Initially Posted: 10/06/2017 | Last Updated: 10/13/2020
Zinc Supplements and Lozenges Reviewed by

Zinc supplements and lozenges compared in this review


Cold-Eeze - All Natural Cherry Flavor


Bronson Laboratories Zinc Lozenges


Country Life Zinc


Designs for Health Zinc Challenge


Dr. Mercola Zinc Complex


Finest Nutrition [Walgreens] Zinc


Garden of Life Vitamin Code Raw Zinc


GNC Zinc 30 mg


KAL Dinosaurs Zinc Elderberry - Mixed Berries


Natural Factors Zinc Citrate


Nature Made VitaMelts Zinc - Honey Lemon


Nature's Bounty Zinc


Nature's Plus Source of Life Animal Parade® Kid Zinc - Natural Tangerine Flavor


Nature's Way Zinc Lozenges Echinacea & Vitamin C - Wild Berry Flavored


NOW Zinc 50 mg


Pure Encapsulations Zinc 15


Rexall [Dollar General] Zinc


Shaklee Zinc Complex


Solgar Zinc Picolinate 22mg


Swanson Zinc (Gluconate)


Up & Up [Target] Zinc Cold Remedy


Vitacost Zinc 50 mg


Zand Lemon Zinc Herbalozenge, 5mg Zinc per lozenge herbal supplement


Zicam Cold Remedy Ultra Crystals - Berry Lemonade Flavor

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  • What is it? Zinc is an essential mineral, one of the few nutrients for which a mild deficiency is not uncommon. (see What It Is). Zinc is naturally found in meats and other foods (see Getting Zinc -- From Food)
  • What does it do? Zinc supplements (typically taken in pill form) can reverse or prevent zinc deficiency (which can otherwise impair the immune system, cause diarrhea, reduce taste, etc.) and help slow advanced macular degeneration of the retina. Zinc is also taken as a lozenge (or other orally dissolving formulation) to act locally on the throat to reduce the duration of a cold. (See What It Does).
  • How much to take, and which form? The daily requirement for zinc ranges from 3 mg for children to 14 mg for lactating women (see Dosage). No form is particularly better absorbed than another and zinc gluconate is typically the least expensive. To reduce the duration of a cold, take a lozenge (or other orally dissolving formulation providing 9 to 23 mg of zinc as either zinc gluconate or zince acetate) every 2 to 3 hours during the day, allowing it to fully dissolve in the mouth: Limit treatment to a week because chronic intake of too much zinc (see upper intake levels) can reduce copper absorption, leading to copper deficiency that can impair the immune system.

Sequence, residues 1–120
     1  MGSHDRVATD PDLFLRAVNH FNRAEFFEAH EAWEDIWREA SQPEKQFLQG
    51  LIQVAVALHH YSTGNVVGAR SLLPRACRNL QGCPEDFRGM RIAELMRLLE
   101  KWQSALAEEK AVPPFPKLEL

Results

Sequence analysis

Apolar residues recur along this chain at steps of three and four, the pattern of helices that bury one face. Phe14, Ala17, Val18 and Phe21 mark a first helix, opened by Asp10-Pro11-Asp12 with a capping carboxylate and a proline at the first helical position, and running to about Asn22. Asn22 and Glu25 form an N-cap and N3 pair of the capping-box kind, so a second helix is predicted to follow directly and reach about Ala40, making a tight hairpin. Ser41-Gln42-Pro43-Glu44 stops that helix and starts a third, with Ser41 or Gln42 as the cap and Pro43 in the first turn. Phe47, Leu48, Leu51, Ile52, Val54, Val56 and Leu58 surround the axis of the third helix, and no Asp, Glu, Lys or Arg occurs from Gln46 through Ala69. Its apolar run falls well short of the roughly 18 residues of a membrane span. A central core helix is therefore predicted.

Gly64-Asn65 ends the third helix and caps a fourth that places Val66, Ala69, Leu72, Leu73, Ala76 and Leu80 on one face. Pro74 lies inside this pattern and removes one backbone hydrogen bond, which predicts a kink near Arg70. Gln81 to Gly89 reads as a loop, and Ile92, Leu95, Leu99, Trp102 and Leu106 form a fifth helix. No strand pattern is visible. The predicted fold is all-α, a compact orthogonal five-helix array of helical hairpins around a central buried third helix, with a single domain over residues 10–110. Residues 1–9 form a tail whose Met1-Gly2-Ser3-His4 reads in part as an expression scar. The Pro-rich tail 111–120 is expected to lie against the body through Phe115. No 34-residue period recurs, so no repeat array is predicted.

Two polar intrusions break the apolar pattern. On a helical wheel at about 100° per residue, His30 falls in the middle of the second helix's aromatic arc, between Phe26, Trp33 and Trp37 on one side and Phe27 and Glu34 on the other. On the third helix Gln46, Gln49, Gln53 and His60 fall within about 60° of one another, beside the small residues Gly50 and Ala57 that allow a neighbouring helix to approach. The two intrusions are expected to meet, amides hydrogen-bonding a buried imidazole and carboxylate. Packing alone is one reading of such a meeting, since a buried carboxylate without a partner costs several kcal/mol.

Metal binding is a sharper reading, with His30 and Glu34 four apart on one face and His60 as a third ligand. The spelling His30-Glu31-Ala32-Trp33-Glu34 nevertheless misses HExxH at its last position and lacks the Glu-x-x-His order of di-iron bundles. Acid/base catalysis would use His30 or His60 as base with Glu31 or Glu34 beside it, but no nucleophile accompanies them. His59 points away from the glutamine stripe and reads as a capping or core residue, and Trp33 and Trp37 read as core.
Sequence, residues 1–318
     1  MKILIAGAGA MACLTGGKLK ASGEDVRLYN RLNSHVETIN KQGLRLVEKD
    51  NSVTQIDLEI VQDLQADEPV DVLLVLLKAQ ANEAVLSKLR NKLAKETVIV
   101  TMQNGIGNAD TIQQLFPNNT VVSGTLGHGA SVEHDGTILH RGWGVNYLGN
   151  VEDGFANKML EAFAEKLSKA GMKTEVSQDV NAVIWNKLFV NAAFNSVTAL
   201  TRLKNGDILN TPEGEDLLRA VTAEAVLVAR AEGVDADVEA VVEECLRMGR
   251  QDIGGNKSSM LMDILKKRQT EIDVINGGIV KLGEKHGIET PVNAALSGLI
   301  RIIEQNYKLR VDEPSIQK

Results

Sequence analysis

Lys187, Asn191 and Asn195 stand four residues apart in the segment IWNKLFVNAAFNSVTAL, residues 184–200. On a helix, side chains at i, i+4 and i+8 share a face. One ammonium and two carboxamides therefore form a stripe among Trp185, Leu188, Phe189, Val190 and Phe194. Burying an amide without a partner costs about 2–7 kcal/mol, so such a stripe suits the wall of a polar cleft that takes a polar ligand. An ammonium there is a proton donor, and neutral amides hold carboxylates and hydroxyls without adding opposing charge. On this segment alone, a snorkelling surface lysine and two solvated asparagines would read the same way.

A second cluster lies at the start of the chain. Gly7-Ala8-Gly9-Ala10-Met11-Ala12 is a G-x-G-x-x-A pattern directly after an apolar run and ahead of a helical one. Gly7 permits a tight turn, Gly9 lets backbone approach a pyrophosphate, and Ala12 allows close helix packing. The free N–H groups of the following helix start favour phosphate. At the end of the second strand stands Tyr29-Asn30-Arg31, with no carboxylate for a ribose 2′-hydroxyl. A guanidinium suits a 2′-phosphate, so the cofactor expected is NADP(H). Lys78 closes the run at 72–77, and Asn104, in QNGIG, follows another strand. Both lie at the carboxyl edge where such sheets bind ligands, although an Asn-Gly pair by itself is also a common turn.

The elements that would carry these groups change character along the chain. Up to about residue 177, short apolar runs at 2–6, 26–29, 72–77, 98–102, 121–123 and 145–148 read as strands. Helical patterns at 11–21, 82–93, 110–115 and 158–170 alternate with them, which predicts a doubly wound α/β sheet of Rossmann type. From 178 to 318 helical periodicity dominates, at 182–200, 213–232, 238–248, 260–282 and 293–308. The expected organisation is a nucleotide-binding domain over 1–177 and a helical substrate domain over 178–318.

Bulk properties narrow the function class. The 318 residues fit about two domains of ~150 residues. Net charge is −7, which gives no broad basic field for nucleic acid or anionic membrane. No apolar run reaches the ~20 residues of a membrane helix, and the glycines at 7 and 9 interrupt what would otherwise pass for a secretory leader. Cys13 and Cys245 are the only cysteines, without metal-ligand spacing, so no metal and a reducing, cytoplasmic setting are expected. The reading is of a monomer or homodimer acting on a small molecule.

• Best zinc? Among supplements that passed testing, we identified our Top Pick for Pills, Top Pick for Lozenges, and Top Pick for Other Orally Dissolving Formulations. We found that you can pay as little as 1 cent or more than $1 to get an equivalent dose of high quality zinc — there is no need to overspend.
  • Cautions: As noted above, don't take too much zinc and don't take with fiber, which inhibits absorption of zinc. Be aware of drug interactions with zinc, particularly for certain antibiotics. (See Concerns and Cautions).
In this comprehensive review of zinc supplements and zinc lozenges, you'll get test results and quality ratings for 24 zinc products (including 8 that passed our voluntary Quality Certification Program). You'll learn:
  • Which zinc supplements passed testing, which failed, and which were selected as CL's Top Picks for providing the right ingredients and the best value   
  • Which zinc lozenges provide a dosage known to work -- and which do not
  • What zinc can and cannot do for your health  
  • If certain forms of zinc, like zinc gluconate, zinc acetate, and zinc citrate are better absorbed than others  
  • The zinc dosage to treat conditions including colds, macular degeneration, and zinc deficiency 
  • What the "zinc challenge" is and whether or not it is a reliable method for determining zinc deficiency or adequacy
  • The potential side-effects of zinc and other concerns with zinc, including drug interactions 

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